Governments and businesses are scrambling to attract workers. New Mexico has pledged $5 million in federal pandemic relief to subsidize wages for pickers and workers at chile processing plants, raising the wages as high as $19.50 per hour.  Werner Enterprises has asked the Federal Motor Carrier Safety Administration for an exemption from Commercial Learner’s Permit requirements in order to hasten the process of getting new drivers behind the wheel. CVS Health dropped its requirement that entry-level job candidates have a high school diploma, and raised its starting wage from $11 to $15 an hour by next summer. Walmart has promised bonuses to warehouse workers for staying on the job this summer and fall. Chipotle has raised hourly wages and implemented referral bonuses, while McDonald’s is funneling  millions of dollars to its franchisees to raise wages and has piloted an emergency child care program. Target promises a to pay the costs of college education for part-time and full-time workers (if the students attend a qualifying institution). And the average wage of restaurant and supermarket workers rose above $15 an hour for the first time ever.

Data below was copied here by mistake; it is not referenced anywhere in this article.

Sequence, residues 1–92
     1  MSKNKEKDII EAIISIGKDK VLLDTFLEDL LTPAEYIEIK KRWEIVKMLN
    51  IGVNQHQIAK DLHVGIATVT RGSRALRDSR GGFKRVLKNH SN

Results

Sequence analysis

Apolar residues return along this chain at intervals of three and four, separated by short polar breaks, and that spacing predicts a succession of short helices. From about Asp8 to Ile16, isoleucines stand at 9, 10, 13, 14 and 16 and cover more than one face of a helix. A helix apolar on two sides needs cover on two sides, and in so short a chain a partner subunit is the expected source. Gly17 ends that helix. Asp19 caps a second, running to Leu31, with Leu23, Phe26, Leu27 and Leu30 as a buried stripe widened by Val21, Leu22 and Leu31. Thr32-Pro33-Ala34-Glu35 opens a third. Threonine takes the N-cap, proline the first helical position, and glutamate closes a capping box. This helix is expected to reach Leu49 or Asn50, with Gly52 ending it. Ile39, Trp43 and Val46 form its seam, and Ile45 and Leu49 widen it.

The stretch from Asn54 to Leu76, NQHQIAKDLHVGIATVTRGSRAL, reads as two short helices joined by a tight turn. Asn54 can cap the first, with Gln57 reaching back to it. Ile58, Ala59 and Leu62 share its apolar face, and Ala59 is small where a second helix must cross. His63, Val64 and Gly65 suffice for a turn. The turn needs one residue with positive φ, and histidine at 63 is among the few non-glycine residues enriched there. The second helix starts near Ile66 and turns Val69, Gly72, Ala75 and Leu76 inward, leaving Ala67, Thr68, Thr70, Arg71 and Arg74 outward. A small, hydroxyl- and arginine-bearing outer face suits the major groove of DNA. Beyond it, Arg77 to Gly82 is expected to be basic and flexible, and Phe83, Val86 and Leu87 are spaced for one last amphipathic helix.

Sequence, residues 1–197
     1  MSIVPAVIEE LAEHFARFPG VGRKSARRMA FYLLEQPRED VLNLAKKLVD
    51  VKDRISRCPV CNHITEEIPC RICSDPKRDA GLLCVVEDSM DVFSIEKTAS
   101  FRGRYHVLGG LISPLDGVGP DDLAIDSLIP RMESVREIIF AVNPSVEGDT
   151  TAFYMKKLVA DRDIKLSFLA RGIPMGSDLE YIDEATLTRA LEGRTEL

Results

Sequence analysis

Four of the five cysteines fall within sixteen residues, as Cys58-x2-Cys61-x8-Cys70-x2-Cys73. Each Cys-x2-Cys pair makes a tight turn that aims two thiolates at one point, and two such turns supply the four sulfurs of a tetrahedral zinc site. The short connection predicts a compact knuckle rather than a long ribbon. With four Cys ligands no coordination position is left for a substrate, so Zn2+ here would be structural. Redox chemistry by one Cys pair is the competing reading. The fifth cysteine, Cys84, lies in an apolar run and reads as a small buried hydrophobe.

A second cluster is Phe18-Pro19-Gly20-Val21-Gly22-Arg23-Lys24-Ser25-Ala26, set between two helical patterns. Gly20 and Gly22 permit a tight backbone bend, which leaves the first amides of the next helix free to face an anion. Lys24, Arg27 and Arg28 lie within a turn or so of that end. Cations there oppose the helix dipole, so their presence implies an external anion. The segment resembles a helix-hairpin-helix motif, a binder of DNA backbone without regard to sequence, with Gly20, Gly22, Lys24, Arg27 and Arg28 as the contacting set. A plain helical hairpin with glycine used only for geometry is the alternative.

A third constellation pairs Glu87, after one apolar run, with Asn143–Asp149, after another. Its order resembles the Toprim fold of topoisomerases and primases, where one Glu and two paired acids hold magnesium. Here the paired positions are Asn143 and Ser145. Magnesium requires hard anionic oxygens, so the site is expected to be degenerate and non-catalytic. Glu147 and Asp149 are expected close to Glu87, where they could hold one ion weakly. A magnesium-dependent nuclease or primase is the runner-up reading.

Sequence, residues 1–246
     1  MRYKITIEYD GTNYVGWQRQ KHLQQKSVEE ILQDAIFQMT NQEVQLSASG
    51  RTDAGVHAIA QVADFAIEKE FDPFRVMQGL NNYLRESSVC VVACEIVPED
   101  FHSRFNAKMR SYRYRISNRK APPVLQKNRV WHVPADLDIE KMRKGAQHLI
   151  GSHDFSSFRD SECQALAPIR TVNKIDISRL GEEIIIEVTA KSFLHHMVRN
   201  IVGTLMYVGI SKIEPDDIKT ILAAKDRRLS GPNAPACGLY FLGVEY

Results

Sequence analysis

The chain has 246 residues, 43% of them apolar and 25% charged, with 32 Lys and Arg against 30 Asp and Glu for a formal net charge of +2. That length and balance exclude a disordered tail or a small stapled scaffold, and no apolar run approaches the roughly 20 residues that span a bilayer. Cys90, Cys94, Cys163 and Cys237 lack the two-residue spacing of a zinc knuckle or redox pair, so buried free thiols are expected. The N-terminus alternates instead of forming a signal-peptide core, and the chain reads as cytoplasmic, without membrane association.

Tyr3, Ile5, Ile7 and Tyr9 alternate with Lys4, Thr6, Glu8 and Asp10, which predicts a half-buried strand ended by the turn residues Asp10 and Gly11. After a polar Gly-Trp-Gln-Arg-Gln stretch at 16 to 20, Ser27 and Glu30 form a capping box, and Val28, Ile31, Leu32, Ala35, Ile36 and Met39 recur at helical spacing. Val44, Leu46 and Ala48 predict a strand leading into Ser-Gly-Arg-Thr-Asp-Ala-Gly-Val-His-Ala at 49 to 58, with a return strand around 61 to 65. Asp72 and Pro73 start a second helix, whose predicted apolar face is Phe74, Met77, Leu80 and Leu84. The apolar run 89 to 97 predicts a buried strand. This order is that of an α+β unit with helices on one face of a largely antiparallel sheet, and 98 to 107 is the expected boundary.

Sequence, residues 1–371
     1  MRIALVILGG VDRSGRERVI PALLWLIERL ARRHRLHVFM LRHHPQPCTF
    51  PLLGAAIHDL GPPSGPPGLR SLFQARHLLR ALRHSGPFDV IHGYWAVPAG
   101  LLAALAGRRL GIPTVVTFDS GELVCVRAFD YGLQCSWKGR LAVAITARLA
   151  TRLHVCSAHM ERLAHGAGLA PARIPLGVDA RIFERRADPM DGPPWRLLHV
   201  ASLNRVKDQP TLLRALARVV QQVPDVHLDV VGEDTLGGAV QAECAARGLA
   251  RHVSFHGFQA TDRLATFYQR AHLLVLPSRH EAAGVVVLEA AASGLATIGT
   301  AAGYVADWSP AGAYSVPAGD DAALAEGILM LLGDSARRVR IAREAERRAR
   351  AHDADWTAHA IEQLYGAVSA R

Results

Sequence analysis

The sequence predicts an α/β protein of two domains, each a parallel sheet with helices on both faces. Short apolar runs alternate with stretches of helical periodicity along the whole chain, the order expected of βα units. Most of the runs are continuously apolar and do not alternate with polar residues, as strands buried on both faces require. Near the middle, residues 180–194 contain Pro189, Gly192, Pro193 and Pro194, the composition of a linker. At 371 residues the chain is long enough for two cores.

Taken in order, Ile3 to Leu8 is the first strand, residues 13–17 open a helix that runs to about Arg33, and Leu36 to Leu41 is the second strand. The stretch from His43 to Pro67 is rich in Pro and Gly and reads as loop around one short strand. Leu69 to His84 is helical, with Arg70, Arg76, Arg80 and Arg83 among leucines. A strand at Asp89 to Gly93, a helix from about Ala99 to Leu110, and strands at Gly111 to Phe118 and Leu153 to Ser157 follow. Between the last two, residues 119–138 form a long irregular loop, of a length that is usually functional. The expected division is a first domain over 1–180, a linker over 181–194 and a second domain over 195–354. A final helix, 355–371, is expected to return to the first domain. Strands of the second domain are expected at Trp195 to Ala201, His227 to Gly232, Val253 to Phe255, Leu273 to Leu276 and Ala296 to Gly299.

It is unclear whether the shift in bargaining power will last. On Labor Day, two programs authorized by Congress under the CARES Act are due to expire. This includes the Pandemic Unemployment Assistance (PUA) and Pandemic Emergency Unemployment Compensation (PEUC) programs to end. PUA covers workers who do not qualify for regular UI (e.g., gig workers, the self-employed) and PEUC extends benefits to the long-term unemployed. Per the Century Foundation, this will leave 7.5 million workers without unemployment benefits. Governors in 26 states already announced plans to withdraw from federal benefits early in June and July, ten of which have faced legal challenges with varying success. The typical justification for ending such programs is that unemployment benefits disincentivize looking for work when job openings are at record numbers — in June, there was 10 million openings. “Why should I go to work if I can make as much money sitting at home?” asks State Sen. Van Wanggaard, R-Racine.